Making a Difference: Cognitive Stimulation Therapy (CST).

Cognitive Stimulation Therapy is an evidence-based group intervention for people living with dementia.



I self-funded and attended my first CST training day in 2019. I remember it well. I was studying my MSc in Health Psychology with Bournemouth University and it was just before I started my full-time role as an Activity Coordinator on an NHS inpatient assessment ward. I had read a research article on CST and was amazed with the findings! For me taking a role which has the potential to improve a person's quality of life is everything. This aligns completely with my personal and professional values.


One of my supervisors in my MSc clinical placement (amazing supervisor!!!!), would always ask me 'why' during our conversations. During our interactions this 'why', helped me reflect on my self and my practice. I think this is one of the biggest lessons I have had throughout most of my academic journey thus far!
Know your 'why' AND be confident to ask 'why'
...this ensures we are critical in both our approach and application.
Which is essential when we are supporting people.

So, 'Why' CST...


So, 'why' CST. Firstly, it has an impressive evidence base (Spector et al, 2010). It has been shown that there is a statistically significant cognitive improvement when measured by MMSE (mini mental state examination) for people with dementia completing their CST programme. There has also been improvement in self-reported quality of life following the programme (Spector et al, 2003). The results actually suggested the CST intervention was as effective as the drug intervention.

Secondly. the intervention is very well designed and straightforward to deliver. Facilitators do not need specialist qualifications or expensive training and equipment. Two facilitators is enough to deliver a group session. The sessions aren't very long, ideally 45 minutes, but some have said they like to extend to 60 minutes for discussions and feedback.

Thirdly (but not lastly), CST is suitable for use in hospitals, care homes, day centres, and within community settings. This makes it an accessible and social intervention which has shown to improve testing memory and other abilities.


Covid-19 has seen the 'group and social' part of our lives disbanded. Whilst this is understandable from a safety perspective, we have seen what this has meant for the person living with dementia and their loved ones. Not only those based in the community, but also those in hospitals and care homes.

I recently invested and attended a training session for individual Cognitive Stimulation Therapy (iCST). Not only did I love the training, but came away understanding the potential iCST has to offer those living with dementia. Following on from the Covid-19 issue mentioned earlier, iCST is well placed to fill the void that Covid-19 has created and alleviate the sense of loneliness and seclusion it has left behind. iCST is another evidence-based provision which builds on the existing work of CST and delivers a programme to the individual with dementia who may be otherwise unable to attend a group CST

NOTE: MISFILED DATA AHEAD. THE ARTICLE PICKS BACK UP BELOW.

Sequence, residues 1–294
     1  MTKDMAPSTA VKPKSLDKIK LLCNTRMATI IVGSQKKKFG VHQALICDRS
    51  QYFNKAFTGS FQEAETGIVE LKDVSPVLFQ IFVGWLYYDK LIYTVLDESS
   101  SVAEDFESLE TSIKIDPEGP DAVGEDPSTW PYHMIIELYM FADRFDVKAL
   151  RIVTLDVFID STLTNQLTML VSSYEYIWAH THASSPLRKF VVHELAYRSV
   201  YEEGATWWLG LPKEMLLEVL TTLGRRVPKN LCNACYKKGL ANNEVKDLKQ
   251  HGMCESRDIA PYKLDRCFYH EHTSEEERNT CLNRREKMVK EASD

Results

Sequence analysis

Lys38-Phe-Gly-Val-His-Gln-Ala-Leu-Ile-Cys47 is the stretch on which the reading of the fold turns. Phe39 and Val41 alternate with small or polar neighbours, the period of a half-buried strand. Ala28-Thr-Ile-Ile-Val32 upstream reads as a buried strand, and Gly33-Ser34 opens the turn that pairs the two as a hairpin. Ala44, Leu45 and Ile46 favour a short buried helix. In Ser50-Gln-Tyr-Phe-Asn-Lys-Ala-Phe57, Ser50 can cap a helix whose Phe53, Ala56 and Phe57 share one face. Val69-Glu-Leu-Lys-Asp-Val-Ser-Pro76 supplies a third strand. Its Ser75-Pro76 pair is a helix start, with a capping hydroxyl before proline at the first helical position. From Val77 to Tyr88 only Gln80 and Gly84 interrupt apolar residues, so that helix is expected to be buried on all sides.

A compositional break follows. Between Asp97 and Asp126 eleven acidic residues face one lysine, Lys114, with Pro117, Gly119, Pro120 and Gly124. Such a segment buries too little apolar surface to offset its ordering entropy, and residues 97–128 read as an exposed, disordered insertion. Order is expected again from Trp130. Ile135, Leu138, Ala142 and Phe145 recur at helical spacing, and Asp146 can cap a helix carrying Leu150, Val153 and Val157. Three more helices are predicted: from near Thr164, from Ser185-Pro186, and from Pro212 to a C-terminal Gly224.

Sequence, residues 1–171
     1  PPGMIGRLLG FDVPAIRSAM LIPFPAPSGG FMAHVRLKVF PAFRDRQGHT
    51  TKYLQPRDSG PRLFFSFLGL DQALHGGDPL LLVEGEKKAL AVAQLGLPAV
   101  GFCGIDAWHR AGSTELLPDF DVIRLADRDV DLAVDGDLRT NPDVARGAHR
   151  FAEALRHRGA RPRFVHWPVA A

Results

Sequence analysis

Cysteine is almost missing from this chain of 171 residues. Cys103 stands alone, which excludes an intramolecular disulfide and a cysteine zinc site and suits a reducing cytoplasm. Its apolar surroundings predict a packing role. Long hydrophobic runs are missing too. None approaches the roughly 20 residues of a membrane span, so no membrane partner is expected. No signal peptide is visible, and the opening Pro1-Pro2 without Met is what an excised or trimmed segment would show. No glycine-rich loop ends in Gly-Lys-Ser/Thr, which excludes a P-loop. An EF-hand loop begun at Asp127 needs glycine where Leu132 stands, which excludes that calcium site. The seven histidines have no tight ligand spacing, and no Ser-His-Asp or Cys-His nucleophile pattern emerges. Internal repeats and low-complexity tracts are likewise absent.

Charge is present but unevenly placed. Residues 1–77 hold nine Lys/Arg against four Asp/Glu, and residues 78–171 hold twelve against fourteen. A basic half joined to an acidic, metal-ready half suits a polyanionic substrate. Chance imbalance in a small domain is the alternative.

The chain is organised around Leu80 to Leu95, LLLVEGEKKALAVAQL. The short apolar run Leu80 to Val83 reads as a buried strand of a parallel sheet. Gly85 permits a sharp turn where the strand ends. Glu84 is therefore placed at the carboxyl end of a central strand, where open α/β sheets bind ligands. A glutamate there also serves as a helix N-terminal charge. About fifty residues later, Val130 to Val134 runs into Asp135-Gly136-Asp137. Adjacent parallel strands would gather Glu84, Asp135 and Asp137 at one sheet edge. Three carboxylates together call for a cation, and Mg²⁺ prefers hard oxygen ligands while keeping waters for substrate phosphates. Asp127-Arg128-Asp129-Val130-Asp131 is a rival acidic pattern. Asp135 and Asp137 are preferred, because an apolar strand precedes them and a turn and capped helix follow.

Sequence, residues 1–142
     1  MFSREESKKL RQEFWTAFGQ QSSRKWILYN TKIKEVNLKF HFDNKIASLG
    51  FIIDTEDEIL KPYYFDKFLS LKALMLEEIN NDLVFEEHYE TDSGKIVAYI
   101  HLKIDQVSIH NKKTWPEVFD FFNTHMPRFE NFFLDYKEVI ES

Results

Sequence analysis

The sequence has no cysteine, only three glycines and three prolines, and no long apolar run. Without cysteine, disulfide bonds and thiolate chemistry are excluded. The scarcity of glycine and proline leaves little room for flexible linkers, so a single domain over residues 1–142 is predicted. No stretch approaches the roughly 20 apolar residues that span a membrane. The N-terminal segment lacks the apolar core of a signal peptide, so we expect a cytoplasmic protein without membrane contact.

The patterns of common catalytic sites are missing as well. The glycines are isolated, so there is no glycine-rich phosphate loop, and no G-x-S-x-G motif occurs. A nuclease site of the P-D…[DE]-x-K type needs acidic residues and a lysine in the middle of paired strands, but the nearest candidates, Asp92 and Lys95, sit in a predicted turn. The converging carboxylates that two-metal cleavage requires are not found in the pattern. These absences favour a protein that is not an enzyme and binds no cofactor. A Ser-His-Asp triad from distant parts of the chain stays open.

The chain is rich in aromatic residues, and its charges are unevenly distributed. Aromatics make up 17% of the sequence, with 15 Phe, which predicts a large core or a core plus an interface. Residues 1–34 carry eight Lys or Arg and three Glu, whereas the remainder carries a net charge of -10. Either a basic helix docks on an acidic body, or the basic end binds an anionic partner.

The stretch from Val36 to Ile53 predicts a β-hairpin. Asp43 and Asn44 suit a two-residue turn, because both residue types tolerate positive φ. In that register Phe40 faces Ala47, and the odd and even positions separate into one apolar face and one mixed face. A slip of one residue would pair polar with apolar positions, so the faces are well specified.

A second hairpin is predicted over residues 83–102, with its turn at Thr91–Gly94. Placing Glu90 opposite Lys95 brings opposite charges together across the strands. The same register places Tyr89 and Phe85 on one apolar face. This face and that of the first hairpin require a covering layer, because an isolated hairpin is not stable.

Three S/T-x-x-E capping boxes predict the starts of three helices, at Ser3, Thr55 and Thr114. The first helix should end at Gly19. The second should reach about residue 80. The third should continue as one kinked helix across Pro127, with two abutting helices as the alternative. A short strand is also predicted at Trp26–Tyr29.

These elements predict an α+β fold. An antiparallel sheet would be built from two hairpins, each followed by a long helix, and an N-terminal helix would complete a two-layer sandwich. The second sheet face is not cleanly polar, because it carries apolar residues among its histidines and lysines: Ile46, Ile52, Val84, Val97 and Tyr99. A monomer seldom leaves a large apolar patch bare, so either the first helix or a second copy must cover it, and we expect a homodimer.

iCST has been shown to stimulate activity, encourage new ideas and thoughts, helps to orientate to the present moment, it empowers by drawing on a person's strengths, the idea of reminiscence is used positively and sensitively (a person isn't 'tested' on their memories), language and everyday skills and habits are prompted by encouraging activities, all the 75 individual activities are person-centred, and I feel person-led. The person is empowered to make choices and have fun!


iCST is a family affair - carers, spouses, friends and grand-children can all get involved in the delivery!




 

You can visit the website of iCST founder Dr Phuong Leung https://www.icstdementiatraining.co.uk/ for more information.


 

I value having my CST toolbox which I can grab and go - knowing that there's the right tool inside that will help a person living with dementia in some way.



 

For me personally, I believe CST and iCST has much to offer. An opportunity to relax, have fun, be expressive, empowered and enjoy!


As mentioned, CST as a group based cognitive stimulation therapy is well established in many areas (globally - not just the UK!), but there is space for it to grow! With a growing evidence base which shows CST can improve cognition and quality of life in people with dementia, it is something many of us are motivated to share!


If you share an interest in CST and iCST please connect with me! I am so inspired by this work and I am determined to positively contribute to the lives of those who are living with dementia, whether that is themselves or through a loved one.


Till next time, take care and speak soon!


Best wishes as always,


Amy :-)





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